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Can You Steal from Thieves?

On the LewRockwell.com blog, Becky Akers asks, “Can you steal from a thief?” referring to the government as an organized gang of thieves whose property is stolen property.

Indeed, most of the reports on this story speak of “theft” from the NSA and “stolen data.” But since the NSA is nothing more than a glorified, legalized thief, does it own anything to steal? In other words, if a burglar named, say, Obummer steals $100 from me, and then a second burglar named, perhaps, Hitlary swipes that hundred bucks, did she steal it from Obummer or from me? Also, if Obummer used my money before Hitlary’s hit to buy a lock-pick set and rob some houses, so that his total take is $2500, does any of that loot belong to him?

The Feds plunder us of billions in taxes to pay the NSA’s hackers, turn on its lights, power its computers, cool them with water in a desert (yo, EPA: where are your draconian fines for this wretched despoiler of the environment?), etc. Does anything the NSA produces belong to it? Or do we, its victims, own every misbegotten product and exploit of this infernal agency?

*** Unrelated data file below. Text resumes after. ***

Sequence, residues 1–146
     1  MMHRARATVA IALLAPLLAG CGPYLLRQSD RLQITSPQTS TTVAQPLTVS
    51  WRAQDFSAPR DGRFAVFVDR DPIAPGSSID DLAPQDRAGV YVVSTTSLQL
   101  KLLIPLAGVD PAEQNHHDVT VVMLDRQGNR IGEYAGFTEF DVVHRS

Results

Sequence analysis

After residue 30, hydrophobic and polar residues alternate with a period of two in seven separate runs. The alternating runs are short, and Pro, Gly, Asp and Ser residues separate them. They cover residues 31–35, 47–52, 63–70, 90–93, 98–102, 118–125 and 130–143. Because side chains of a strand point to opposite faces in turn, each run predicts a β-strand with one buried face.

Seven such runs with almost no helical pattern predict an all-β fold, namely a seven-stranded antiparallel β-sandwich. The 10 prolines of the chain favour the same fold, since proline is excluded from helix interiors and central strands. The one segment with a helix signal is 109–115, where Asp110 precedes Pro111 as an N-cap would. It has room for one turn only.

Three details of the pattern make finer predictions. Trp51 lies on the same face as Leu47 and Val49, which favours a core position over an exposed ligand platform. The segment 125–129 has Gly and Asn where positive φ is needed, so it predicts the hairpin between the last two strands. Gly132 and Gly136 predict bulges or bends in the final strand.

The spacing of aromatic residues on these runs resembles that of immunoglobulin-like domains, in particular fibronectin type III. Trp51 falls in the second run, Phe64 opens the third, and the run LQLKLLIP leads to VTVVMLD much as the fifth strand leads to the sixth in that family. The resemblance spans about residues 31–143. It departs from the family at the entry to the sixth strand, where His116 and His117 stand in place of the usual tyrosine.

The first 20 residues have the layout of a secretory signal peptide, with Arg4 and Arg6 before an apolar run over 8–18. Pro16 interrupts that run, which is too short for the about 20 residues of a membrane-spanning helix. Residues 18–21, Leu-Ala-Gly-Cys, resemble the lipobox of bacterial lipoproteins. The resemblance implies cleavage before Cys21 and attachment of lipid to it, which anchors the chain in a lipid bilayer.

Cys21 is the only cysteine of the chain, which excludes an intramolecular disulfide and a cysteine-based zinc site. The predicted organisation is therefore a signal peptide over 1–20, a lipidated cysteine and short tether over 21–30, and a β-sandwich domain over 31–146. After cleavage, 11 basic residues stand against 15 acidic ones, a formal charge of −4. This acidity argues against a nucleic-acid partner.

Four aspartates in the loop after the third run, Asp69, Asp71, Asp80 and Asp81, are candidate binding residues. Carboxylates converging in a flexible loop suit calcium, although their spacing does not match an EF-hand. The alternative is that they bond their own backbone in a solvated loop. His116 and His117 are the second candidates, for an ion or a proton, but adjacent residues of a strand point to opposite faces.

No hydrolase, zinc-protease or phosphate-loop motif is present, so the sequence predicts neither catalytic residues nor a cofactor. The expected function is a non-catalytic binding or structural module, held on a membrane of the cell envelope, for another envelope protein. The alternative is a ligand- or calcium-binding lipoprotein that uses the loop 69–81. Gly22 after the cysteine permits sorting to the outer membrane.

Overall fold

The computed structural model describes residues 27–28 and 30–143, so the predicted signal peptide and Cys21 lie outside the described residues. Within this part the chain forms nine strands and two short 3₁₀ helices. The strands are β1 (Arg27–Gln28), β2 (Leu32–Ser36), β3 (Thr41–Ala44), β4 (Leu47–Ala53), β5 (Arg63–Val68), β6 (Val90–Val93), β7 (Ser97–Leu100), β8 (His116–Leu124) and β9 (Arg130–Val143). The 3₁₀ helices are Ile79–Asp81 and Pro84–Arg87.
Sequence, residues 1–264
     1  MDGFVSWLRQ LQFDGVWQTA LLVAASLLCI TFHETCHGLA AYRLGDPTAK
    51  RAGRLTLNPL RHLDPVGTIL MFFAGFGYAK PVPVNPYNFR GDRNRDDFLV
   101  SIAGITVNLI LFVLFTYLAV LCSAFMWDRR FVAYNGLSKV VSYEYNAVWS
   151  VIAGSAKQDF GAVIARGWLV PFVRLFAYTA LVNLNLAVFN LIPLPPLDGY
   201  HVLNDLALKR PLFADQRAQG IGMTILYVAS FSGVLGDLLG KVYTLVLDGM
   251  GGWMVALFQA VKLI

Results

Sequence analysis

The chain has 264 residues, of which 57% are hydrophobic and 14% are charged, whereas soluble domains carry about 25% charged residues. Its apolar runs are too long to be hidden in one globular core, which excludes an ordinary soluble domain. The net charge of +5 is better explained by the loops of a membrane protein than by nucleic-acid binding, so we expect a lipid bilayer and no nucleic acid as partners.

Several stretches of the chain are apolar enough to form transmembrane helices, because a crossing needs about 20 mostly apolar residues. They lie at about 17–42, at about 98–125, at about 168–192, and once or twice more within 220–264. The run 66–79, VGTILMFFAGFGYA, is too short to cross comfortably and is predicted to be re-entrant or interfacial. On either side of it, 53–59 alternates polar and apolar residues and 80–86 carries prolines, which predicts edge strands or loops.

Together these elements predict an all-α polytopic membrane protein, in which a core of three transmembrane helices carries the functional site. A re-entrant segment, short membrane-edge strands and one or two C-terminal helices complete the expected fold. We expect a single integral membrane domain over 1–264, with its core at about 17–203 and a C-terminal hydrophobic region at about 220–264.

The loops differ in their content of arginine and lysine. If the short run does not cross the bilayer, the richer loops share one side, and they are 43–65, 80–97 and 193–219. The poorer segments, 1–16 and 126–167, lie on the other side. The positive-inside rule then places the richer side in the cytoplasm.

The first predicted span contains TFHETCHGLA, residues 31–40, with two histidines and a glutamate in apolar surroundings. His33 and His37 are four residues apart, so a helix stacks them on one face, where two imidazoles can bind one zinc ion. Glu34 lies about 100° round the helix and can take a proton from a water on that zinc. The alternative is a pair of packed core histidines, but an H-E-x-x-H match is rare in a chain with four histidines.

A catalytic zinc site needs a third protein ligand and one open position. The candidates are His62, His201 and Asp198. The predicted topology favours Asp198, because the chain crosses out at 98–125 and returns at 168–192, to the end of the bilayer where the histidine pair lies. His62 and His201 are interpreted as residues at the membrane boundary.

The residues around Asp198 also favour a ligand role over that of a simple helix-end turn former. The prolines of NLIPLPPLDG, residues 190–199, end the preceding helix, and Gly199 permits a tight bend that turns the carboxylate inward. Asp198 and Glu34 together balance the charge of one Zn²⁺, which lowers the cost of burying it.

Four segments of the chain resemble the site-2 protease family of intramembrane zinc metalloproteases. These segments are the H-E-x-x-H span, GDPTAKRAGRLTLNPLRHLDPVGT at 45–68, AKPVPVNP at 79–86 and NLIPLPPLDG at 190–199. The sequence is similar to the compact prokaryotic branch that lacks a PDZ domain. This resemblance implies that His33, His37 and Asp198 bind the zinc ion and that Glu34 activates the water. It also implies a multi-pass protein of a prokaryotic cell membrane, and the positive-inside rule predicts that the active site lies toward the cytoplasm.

We could obviously extend this speculation to all the State’s “property.” Since every pencil, triplicate form, and weapon government “owns” comes from us, is it possible to “steal” from these thieves what they stole from us? Or are those who help themselves to property their taxes bought far less culpable than the government that thieved in the first place?

In the Libertarian Forum in 1969, Murray Rothbard addressed this issue. Scroll down to “Confiscation and the Homestead Principle.” Very interesting stuff.

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